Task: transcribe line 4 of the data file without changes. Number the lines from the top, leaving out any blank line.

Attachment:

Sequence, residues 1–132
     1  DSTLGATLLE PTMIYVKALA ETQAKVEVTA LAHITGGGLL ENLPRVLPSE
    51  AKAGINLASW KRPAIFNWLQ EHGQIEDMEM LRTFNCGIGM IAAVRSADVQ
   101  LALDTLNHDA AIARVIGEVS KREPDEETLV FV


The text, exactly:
   101  LALDTLNHDA AIARVIGEVS KREPDEETLV FV